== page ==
W2 KP2VS. Bechtold, M. Schonger
KurzbeschreibungThe course introduces students to the basics of the intellectual property system and of innovation policy. Areas covered include patent, copyright, trademark, design, know-how protection, open source, and technology transfer. The course looks at Swiss, European, U.S. and international law and uses examples from a broad range of technologies. Insights can be used in academia, industry or start-ups.
LernzielIntellectual property issues become more and more important in our society. In order to prepare students for their future challenges in research, industry or start-ups, this course introduces them to the foundations of the intellectual property system. The course covers patent, copyright, trademark, design, know-how protection, open source, and technology transfer law. It explains links to contract, antitrust, Internet, privacy and communications law where appropriate. While the introduction to these areas of the law is designed at a general level, examples and case studies come from various jurisdictions, including Switzerland, the European Union, the United States, and international law.

In addition, the course introduces students to the fundamentals of innovation policy. After exposing students to the economics of intellectual property protection, the course asks questions such as: Why do states grant property rights in inventions? Has the protection of intellectual property gone too far? How do advances in biotechnology and the Internet affect the intellectual property system? What is the relationship between open source, open access and intellectual property? What alternatives to intellectual property protection exist?

Knowing how the intellectual property system works and what kind of protection is available is useful for all students who are interested in working in academia, industry or in starting their own company. Exposing students to the advantages and disadvantages of the intellectual property system enables them to participate in the current policy discussions on intellectual property, innovation and technology law. The course will include practical examples and case studies as well as guest speakers from industry and private practice.
851-0587-01LCIS Doctoral Colloquium Belegung eingeschränkt - Details anzeigen
Nur für CIS-Doktoranden!
W2 KP3KUni-Dozierende
KurzbeschreibungIn this internal colloquium doctoral students present their work after about 12 months of research.
LernzielThe aim of this colloquium is that the presenters receive feedback on their research at an important stage (a stage at which significant changes of direction, methodology, etc, may still be undertaken) in the PhD process.
InhaltPresentation of doctoral research.
SkriptDistributed electronically.
LiteraturDistributed electronically.
851-0252-04LBehavioral Studies Colloquium Information W0 KP2KU. Brandes, V. Amati, H.‑D. Daniel, D. Helbing, C. Hölscher, M. Kapur, R. Schubert, C. Stadtfeld, E. Stern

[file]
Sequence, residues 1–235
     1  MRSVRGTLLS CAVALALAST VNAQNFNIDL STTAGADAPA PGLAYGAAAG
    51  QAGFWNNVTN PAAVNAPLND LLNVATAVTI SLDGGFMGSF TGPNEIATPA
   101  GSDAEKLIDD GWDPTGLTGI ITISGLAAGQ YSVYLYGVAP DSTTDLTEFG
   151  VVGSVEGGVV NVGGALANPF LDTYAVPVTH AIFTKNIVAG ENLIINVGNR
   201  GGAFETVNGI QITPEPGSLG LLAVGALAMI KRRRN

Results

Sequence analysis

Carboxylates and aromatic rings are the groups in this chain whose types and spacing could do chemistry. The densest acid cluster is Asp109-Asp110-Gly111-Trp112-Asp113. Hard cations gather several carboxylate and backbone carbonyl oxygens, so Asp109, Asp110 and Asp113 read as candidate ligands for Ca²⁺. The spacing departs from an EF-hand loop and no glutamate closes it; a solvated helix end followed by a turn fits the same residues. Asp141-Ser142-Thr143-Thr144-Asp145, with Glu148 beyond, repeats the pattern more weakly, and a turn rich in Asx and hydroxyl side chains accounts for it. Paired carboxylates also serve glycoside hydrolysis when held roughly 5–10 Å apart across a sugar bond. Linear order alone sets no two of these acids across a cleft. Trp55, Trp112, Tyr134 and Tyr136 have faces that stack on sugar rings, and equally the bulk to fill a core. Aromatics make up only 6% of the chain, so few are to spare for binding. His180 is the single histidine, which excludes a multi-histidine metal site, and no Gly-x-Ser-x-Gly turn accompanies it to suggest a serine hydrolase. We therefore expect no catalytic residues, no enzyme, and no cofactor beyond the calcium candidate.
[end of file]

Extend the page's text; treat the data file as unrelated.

KurzbeschreibungThis colloquium offers an opportunity for students to discuss their ongoing research and scientific ideas in the behavioral sciences, both at the micro- and macro-levels of cognitive, behavioral and social science. It also offers an opportunity for students from other disciplines to discuss their research ideas in relation to behavioral science. The colloquium also features invited research talks.
LernzielStudents know and can apply autonomously up-to-date investigation methods and techniques in the behavioral sciences. They achieve the ability to develop their own ideas in the field and to communicate their ideas in oral presentations and in written papers. The credits will be obtained by a written report of approximately 10 pages.
InhaltThis colloquium offers an opportunity for students to discuss their ongoing research and scientific ideas in the behavioral sciences, both at the micro- and macro-levels of cognitive, behavioral and social science. It also offers an opportunity for students from other disciplines to discuss their ideas in so far as they have some relation to behavioral science. The possible research areas are wide and may include theoretical as well as empirical approaches in Social Psychology and Research on Higher Education, Sociology, Modeling and Simulation in Sociology, Decision Theory and Behavioral Game Theory, Economics, Research on Learning and Instruction, Cognitive Psychology and Cognitive Science. Ideally the students (from Bachelor, Master, Ph.D. and Post-Doc programs) have started to start work on their thesis or on any other term paper.
Course credit can be obtained either based on a talk in the colloquium plus a written essay, or by writing an essay about a topic related to one of the other talks in the course. Students interested in giving a talk should contact the course organizers (Ziegler, Kapur) before the first session of the semester. Priority will be given to advanced / doctoral students for oral presentations. The course credits will be obtained by a written report of approximately 10 pages. The colloquium also serves as a venue for invited talks by researchers from other universities and institutions related to behavioral and social sciences.
851-0252-01LHuman-Computer Interaction: Cognition and Usability Belegung eingeschränkt - Details anzeigen
Maximale Teilnehmerzahl: 40

Besonders geeignet für Studierende D-ITET
W3 KP2SC. Hölscher, I. Barisic, H. Zhao